A quantum dot can be thought of as essentially a man-made atom. Consider a 2-dimensional dot (effectively an electron in a square infinite well), with a singleground state (with energy E0 = 0.04 eV), and a doubly degenerate first excited state (with energy E1 = 0.1 eV); the relevant energylevels are shown below.
1)At T = 300 K what is the probability that a dot will be excited?
0.02 0.08 0.16 0.4 0.67
2)What is the probability that the dot will be in the ground state for very high T, i.e., as T approachesinfinity?
3)For what temperature will about half of the dots be in their ground state, and half in one of the first excited states?
T = 100 K
T = 1000 K
There is no temperature at which this can occur.
4)What is the entropy of a collection of N such dots at very low temperatures (T --> 0)?
S = 0 S = Nk ln(2) S = Nk ln(3)
5)The magnetic moment of the electron is μ=9.285×10-24 J/Tesla. In many materials, the dipole moments are free to pointalong or against an applied magnetic field. Consider such a material at room temperature (T=300K) in the Earth's magnetic field (B=2.3×10-5T).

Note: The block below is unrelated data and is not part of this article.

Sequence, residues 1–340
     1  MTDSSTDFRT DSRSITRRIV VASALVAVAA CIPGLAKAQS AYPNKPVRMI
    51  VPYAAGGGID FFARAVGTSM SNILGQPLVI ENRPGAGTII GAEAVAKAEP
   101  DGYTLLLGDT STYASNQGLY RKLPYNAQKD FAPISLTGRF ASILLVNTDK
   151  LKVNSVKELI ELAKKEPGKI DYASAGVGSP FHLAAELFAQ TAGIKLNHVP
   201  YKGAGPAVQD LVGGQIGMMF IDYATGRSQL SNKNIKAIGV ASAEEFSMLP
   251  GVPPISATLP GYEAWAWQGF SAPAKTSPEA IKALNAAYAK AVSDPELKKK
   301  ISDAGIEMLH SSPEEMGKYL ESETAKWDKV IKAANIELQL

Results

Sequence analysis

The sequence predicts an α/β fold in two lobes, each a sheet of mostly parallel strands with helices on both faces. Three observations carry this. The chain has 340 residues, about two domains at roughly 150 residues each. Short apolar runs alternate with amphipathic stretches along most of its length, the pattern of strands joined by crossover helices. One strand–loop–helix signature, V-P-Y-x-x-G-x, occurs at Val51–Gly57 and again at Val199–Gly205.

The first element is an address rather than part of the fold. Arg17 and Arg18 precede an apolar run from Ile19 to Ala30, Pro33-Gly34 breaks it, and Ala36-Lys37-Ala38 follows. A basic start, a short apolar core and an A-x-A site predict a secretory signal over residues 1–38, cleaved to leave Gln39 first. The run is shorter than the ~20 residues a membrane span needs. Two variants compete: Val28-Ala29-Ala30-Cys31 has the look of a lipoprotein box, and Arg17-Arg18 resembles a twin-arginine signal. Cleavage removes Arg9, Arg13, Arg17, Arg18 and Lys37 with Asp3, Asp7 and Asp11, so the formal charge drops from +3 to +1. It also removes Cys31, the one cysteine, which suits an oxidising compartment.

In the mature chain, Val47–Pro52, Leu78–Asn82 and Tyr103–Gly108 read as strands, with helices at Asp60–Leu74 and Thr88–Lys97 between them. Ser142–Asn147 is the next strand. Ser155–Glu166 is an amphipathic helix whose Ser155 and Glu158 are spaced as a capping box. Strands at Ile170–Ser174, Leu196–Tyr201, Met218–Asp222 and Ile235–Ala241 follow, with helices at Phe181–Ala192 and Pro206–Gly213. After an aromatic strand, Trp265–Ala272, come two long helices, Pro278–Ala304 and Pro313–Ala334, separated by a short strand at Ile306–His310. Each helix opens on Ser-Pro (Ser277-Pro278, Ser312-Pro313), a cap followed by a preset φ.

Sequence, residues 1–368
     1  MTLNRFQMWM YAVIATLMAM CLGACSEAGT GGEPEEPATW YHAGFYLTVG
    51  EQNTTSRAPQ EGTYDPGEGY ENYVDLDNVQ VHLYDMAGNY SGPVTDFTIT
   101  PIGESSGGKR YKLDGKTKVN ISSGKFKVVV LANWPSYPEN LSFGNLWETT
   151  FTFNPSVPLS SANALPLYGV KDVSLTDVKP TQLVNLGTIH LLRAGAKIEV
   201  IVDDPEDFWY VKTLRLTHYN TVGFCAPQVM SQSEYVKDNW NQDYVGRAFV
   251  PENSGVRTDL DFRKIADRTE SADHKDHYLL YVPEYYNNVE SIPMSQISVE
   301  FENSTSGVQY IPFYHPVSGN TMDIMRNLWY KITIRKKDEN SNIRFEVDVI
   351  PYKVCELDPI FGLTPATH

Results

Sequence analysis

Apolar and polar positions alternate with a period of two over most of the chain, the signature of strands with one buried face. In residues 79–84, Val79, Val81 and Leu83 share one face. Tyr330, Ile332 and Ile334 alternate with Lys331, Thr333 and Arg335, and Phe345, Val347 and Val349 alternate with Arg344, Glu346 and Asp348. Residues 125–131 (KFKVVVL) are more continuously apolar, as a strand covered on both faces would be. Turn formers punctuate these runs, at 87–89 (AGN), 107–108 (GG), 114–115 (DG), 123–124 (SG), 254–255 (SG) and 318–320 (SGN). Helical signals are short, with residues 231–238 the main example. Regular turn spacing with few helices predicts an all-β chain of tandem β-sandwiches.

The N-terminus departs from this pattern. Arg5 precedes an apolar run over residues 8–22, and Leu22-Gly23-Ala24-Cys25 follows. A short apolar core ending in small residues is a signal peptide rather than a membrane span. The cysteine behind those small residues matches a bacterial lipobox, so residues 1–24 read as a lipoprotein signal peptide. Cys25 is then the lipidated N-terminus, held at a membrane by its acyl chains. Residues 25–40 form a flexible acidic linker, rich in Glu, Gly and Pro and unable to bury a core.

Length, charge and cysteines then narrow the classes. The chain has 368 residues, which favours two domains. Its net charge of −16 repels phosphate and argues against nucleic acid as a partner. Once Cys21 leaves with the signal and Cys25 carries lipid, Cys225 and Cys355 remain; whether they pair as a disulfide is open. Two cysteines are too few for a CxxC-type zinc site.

The Earth's Magnetic Field
Credit &Copyright: Gary A. Glatzmaier (UCSC)
What is the difference between the fraction of electrons pointing along the magnetic field (the low energy state) and the fraction pointing against the field (thehigh energy state)? For example, if these fractions are 0.53 (along) and 0.47 (against), the difference is +0.06.
The difference between the fraction of electrons pointing along the magnetic field (the low energy state) and the fraction pointing against the field (the highenergy state) is:
-10.31×10-8 -5.155×10-8 0
6)Assume that temperature of atmosphere is constant, and is approximately 5°C.
Define hH2O = the altitude where the partial pressure of water vapor (H2O) is half its value at sea level.
Define hN2= the altitude where the partial pressure of nitrogen (N2) is half its value at sea level.
Compare the two heights:
hH2O > hN2 hH2O = hN2 hH2O < hN2